Finland’s interior minister, Petteri Orpo, has called for EU countries to be forced to accept quotas of asylum seekers during crisis situations, on the eve of a summit to discuss reform of the EU’s migration policy.
EU interior ministers will convene in Luxemburg on Thursday to try to reach agreement on how the union should deal with new arrivals, after the mass migration of last autumn is widely seen as having rendered the current system, based on the so-called “Dublin regulation”, unworkable.
Under the Dublin rules, a refugee’s first EU country of arrival becomes the one to deal with any potential asylum claim. The idea behind the system was to speed-up decision making and avoid asylum seekers becoming stuck in a bureaucratic battle between two member states. However, the protocol became widely ignored during the recent migration crisis, in part due to the sheer numbers of people arriving in individual EU border countries such as Greece.
Two new models
At Thursday’s meeting, interior ministers will discuss two new models for how the EU deals with migrants in future. Under the first proposal, an emergency mechanism of quotas, whereby asylum seekers are distributed to member states across the EU, would kick in during times of mass migration. Under the second option, the Dublin arrangement would be scrapped altogether and replaced with permanent quotas, forcing member countries to take in a share of asylum seekers arriving within the EU.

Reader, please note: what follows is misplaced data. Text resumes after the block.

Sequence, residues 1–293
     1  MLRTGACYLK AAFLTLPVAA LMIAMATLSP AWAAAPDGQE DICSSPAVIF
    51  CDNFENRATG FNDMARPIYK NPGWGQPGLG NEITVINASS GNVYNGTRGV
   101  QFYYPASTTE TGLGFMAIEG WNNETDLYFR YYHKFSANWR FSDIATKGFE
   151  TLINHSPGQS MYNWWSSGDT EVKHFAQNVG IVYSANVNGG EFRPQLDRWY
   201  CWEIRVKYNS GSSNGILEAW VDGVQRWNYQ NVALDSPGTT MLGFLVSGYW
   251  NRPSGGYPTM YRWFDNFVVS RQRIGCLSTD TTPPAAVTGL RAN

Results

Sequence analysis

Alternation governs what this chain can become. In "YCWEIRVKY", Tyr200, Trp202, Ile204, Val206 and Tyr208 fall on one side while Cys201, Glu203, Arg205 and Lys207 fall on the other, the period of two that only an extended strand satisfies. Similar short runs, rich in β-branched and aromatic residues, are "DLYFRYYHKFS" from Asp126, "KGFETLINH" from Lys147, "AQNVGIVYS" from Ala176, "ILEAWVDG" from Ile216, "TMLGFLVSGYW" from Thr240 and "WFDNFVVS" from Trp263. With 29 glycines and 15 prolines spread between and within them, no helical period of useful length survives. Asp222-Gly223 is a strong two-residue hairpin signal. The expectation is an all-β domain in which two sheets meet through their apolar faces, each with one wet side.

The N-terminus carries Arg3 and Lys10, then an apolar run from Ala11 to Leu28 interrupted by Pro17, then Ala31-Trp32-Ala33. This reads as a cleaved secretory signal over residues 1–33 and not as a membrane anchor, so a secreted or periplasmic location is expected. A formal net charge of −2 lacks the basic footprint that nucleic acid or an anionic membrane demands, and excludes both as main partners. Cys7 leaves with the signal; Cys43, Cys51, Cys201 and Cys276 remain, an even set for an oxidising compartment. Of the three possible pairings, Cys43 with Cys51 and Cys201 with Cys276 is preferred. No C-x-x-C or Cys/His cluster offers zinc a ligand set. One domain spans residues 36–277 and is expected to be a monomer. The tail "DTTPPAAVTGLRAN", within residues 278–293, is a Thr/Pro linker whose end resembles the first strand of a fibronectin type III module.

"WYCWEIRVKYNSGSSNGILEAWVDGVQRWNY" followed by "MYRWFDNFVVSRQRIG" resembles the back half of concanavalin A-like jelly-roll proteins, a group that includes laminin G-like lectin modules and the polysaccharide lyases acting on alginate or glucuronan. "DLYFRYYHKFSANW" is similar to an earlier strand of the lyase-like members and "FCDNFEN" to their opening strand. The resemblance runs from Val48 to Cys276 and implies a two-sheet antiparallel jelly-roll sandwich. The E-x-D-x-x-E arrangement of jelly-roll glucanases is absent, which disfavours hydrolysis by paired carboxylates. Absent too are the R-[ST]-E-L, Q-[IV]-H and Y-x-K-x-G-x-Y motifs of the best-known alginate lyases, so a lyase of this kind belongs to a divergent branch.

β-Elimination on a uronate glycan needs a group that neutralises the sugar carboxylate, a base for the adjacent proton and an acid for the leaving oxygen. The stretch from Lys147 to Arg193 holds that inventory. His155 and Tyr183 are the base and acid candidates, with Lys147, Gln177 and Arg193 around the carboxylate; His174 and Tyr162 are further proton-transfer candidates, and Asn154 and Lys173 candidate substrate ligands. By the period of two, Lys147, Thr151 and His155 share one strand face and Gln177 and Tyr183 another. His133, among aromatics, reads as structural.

In a statement on Wednesday, interior minister Petteri Orpo said that Finland is firmly in favour of a temporary quota system.
”Finland’s position is in support of a system of interior relocations that could be implemented in times of crisis, when the number of people arriving puts a member state’s adherence to the Dublin regulation at risk and causes serious disruption to the whole EU. All member states would participate in the interior relocations,” the statement said.
The idea of forced quotas has so far been strongly opposed by a number of EU states, including the UK.
At the meeting the ministers will also try to reach agreement on ways to standardise the asylum process and asylum decisions across the EU’s 28 member states. The EU’s deal to return migrants to Turkey in exchange for accepting Syrian refugees from Turkish camps is also on the agenda.